"MNC's management has been one that consistently delivers," said Nancy A. Bush, an analyst at Dean Witter Reynolds Inc., last February in recommending the company's stock to investors.
To the world, it appeared that Alan Hoblitzell had faced the future and conquered it.
"Who in the hell figured the bottom would drop out?" a former MNC executive said.
A new game
The examiners arrived in March. By then, the world had changed.
For more than two years, federal banking regulators had seen their counterparts from the savings and loan industry hauled before Congress and upbraided for their lack of vigilance. They had seen them ridiculed in the press. They had seen them fired.
Some MNC directors and executives say they are convinced that officials in the Office of the Comptroller of the Currency (OCC), which regulates banks, were determined to avoid that fate.
When the real estate market collapsed in New England last year, the bank examiners descended in force. They required many northeastern banks to greatly increase their reserves, which sharply reduced earnings and chilled bankers up and down the East Coast.
The examiners came down hard on the Bank of New England, the region's second-largest bank. The company set aside $1.5 billion against its shaky real estate loans, causing a $1.2 billion fourth-quarter loss. Before the examiners departed, five of the bank's top executives, including its chairman, were fired, according to newspaper accounts.
At MNC, executives were getting edgy, several of them report. The company couldn't sell $300 million in debt at the price it wanted. Its stock began to slip. In February, Moody's Investors Service, a New York credit-rating agency, downgraded MNC's bonds, reflecting its concerns about potential real estate losses.
MNC executives believed the world was overreacting. Still, anticipating a return visit by the regulators in early 1990, they planned to increase their reserves against potential losses, two top executives said. With that, they expected business to return to normal and the upswing to resume.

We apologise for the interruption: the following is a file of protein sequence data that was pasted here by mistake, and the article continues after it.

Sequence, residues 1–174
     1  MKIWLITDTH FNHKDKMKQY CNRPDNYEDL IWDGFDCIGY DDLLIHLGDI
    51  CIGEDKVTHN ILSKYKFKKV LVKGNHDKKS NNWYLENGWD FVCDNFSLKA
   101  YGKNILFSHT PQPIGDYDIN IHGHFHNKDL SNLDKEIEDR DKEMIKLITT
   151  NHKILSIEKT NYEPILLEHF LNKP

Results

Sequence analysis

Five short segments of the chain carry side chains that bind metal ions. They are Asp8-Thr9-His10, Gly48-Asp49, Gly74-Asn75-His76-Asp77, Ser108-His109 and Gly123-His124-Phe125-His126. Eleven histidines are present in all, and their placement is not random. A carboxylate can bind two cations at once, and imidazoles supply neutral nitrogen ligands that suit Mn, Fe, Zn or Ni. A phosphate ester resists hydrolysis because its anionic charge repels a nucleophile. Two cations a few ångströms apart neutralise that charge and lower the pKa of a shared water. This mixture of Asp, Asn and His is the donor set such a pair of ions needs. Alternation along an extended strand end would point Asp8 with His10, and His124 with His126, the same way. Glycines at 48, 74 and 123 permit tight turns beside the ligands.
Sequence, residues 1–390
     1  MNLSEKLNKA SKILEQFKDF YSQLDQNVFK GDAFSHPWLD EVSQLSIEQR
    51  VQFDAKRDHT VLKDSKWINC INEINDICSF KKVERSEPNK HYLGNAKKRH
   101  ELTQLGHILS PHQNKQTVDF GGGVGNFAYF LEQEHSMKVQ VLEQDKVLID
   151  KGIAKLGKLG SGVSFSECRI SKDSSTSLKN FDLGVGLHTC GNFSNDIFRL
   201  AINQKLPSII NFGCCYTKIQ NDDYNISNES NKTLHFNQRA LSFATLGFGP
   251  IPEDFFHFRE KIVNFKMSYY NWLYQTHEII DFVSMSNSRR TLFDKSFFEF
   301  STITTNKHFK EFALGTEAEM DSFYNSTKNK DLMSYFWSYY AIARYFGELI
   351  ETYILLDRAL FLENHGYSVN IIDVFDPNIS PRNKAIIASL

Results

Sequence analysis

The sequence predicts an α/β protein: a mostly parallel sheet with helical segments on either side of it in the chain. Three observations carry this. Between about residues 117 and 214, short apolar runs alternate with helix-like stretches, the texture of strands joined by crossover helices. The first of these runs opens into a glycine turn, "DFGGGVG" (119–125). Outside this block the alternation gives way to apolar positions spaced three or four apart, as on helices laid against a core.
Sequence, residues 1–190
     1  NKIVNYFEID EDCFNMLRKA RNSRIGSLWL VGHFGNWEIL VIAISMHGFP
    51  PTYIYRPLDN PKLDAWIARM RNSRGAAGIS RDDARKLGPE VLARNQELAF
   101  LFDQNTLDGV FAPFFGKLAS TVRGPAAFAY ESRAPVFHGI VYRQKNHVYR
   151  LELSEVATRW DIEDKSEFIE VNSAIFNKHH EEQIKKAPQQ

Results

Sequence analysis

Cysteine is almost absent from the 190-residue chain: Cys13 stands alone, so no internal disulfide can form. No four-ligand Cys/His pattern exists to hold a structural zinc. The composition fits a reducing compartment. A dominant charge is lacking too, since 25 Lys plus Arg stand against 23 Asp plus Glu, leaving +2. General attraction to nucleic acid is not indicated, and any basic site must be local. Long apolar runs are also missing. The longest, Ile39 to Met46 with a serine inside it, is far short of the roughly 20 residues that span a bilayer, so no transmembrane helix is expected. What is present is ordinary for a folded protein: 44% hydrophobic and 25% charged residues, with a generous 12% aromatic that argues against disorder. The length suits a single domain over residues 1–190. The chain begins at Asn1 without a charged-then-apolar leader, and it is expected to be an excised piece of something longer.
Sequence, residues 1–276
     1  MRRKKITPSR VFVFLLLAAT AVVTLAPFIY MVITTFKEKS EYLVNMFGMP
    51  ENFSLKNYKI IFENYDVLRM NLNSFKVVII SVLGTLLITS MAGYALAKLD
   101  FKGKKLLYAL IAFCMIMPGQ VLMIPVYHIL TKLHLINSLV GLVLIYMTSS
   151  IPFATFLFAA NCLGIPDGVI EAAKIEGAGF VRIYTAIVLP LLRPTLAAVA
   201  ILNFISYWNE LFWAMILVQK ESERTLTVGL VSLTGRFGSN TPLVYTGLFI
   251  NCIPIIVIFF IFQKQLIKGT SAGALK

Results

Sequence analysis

It took a handful of examiners only a few days in March to change their minds.
The team included Joe Hooks, fresh from his examination of the Bank of New England. A disarming man with an Oklahoman drawl, he arrived in Baltimore with a menacing reputation. Newspaper accounts quoted colleagues describing him as relentless in ferreting out sloppy lending practices, causing banks to take expensive corrective actions.
After his work in New England, he also had a new nickname, according to The Boston Globe: "CEO killer."
At MNC, Mr. Hooks and his team pored over a sample of MNC's real estate loan documents. Then they put MNC on notice. The company would have to use more stringent rules to evaluate loans. Even if bank payments were on time, a developer's project could be listed as delinquent if doubts were raised about its success.
The result was that MNC was forced to add $135 million to its reserves, almost wiping out its profits for the first quarter. Its income of $6.2 million was down 90 percent from the year before.
MNC executives said they were stunned by the tough requirements. Echoing complaints of the northeastern bankers, they said the regulators had changed the rules and were rigid in their interpretations.
"It was like arguing with the umpire," said one top company official.
The OCC denies its examiners were capricious. "OCC examiners are applying the same rules to their credit reviews that they have applied in the past," Robert L. Clarke, the Comptroller of the Currency, said in a speech in June. "If our rules haven't changed, what has? The economic environment. The markets."
In any case, the examiners weren't offering MNC many choices.
MNC couldn't stop the hemorrhage.
Moody's and Standard & Poor's downgraded the company's bonds three more times. The stock continued its plunge. The second quarter report showed a loss of $75 million as the bank more than doubled the amount of soured loans on its books.
Contributing to that loss was Mr. Antonelli, the Washington developer. Nearly three-quarters of his loans were classified as troubled. He later threatened to declare bankruptcy, the Washington Post said. His personal promise to repay the debt was becoming hollow.
A siege mentality set in after the arrival of the examiners, one former executive said. "I think you had desperate people," another said. During the next months, bank officers reviewed loans night after night, weekend after weekend.
In July, the examiners returned, this time more than 50 strong.
"They were definitely on a mission," said one former bank executive. "These guys are not happy people. They're very somber people."
Their return prompted more jitters and rumors within MNC. One story making the rounds was that the regulators had counted BMWs in the corporate parking garage and snorted about the high-salaried bankers inside.